At end of WW 2 Soviet Union occupies North Korea while Americans move into South Korea
- By June 25, 1951 tensions between the now communist government in the North and democratic one in the South result in war with the North Koreans crossing the 38th parallel into the south.
- Newly formed U.N. enters its first armed intervention with 16 members, including Canada contributing military forces under the USA’s command
- Early July 1951 ceasefire negotiations begin
- 1953, peace is finally restored in the Korean Peninsula with signing of Armistcie on July 27
- More in depth information on the Korean War visit.
About Yonah Martin from immigrant to activist
I know Yonah Martin to be a warm, informed, active community member and hard working advocate representative from BC. She is exceptionally inclusive in her approach to our diverse west coast culture. But that’s my opinion. You can read the basis for it in these notes selected from her official biography page:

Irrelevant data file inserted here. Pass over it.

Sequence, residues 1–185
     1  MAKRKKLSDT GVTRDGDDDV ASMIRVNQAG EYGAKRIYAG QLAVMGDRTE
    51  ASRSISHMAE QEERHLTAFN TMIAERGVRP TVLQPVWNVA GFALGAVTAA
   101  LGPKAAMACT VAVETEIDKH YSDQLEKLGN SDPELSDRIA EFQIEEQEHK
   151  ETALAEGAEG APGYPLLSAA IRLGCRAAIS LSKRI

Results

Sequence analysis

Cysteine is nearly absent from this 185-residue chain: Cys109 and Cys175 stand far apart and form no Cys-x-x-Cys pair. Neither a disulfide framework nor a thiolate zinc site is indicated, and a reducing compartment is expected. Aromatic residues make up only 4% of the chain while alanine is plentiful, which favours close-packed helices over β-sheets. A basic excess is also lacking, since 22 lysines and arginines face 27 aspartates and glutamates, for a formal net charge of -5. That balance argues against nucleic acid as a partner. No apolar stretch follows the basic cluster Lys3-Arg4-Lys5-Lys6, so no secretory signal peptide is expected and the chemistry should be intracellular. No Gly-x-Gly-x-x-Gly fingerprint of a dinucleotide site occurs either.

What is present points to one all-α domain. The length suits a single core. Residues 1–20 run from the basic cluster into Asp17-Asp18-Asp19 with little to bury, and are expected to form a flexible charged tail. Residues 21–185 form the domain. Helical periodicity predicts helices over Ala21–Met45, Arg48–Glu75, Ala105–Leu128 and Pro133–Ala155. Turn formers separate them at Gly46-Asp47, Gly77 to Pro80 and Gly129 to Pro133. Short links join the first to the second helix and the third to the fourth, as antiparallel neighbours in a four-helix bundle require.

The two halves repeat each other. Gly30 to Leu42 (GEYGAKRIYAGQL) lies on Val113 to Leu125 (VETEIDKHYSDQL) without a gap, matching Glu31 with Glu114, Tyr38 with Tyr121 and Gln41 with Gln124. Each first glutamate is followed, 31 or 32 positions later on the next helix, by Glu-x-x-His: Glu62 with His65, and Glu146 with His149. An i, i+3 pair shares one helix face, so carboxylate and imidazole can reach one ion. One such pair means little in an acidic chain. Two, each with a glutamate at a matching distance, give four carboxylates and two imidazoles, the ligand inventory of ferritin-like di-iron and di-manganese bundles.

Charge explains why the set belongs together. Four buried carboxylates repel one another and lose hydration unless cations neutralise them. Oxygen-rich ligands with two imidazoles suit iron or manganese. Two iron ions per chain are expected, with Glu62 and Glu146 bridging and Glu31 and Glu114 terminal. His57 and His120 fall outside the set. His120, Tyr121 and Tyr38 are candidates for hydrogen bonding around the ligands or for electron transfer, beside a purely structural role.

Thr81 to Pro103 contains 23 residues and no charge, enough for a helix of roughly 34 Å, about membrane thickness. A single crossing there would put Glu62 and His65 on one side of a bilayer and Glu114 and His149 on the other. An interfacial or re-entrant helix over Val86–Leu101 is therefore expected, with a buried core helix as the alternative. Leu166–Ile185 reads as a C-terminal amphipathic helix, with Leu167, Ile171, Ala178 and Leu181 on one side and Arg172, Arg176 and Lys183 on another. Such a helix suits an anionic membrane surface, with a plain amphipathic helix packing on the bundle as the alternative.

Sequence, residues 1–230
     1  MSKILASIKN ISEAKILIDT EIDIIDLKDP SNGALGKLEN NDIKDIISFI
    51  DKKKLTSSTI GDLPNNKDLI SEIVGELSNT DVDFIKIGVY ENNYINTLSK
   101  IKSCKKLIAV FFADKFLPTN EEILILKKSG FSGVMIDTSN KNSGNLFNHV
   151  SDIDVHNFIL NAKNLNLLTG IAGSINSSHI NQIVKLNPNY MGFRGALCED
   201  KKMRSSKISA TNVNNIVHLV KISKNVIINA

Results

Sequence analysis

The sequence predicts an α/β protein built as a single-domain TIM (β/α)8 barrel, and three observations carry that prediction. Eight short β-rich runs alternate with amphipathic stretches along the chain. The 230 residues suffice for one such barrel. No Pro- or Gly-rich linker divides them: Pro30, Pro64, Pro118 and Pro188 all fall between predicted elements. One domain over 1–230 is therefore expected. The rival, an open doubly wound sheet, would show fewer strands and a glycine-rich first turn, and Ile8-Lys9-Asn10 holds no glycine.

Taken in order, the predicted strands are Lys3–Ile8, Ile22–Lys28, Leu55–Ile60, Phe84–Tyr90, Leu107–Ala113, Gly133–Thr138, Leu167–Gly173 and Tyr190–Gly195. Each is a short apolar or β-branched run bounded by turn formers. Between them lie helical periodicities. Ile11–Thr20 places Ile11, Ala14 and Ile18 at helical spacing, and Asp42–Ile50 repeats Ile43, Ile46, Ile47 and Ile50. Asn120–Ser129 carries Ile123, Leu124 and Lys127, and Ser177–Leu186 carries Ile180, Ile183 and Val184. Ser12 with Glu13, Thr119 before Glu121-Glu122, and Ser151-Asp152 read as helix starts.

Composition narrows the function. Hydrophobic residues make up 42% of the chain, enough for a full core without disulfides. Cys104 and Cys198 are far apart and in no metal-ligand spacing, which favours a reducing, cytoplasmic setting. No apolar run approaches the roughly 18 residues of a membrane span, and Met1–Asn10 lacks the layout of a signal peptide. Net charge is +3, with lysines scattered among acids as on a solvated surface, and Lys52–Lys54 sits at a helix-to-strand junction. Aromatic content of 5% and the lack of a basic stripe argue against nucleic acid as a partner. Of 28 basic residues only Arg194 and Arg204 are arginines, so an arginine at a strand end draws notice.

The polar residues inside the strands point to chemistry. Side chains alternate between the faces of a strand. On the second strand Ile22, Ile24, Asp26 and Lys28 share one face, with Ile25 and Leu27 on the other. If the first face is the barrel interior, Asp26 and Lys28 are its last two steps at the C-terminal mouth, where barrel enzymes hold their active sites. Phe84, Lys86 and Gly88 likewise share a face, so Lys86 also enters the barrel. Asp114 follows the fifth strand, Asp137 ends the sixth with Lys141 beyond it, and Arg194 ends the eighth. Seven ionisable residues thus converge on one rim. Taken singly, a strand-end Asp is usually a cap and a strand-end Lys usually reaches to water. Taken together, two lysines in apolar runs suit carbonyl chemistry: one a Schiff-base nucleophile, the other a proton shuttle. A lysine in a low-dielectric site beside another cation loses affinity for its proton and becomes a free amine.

Korean born, naturalized Canadian..Yonah Martin (born April 11, 1965) is a Conservative Senator from British Columbia (Our word highlighter colour was originally red, but we changed it as blue is the ‘team’ colour of the Conservative Party of Canada)
She was appointed by Prime Minister Stephen Harper on January 2009, and . Appointed Deputy Government Whip in the Senate, June 2011. In 2013 September, she was appointed Deputy Leader of the Government in the Senate. Yonah Martin graduated from the University of British Columbia in 1987; earned a Master of Education in 1996; and enjoyed a 21-year career as an educator right up until her Senate appointment in 2009.
Born in Seoul, Korea, Yonah Martin immigrated to Canada with her family in 1972, settling in Vancouver. With deep roots in both Korean and Canadian heritage, she became a community activist and voice of authority for the new generation of Canadians of Korean descent.
Inspired by her Canadian-born daughter and immigrant parents, and with a desire to “bridge communities”, she co-founded a non-profit organization, the C3 Society in 2003.
Commemorating the Korean War in 2014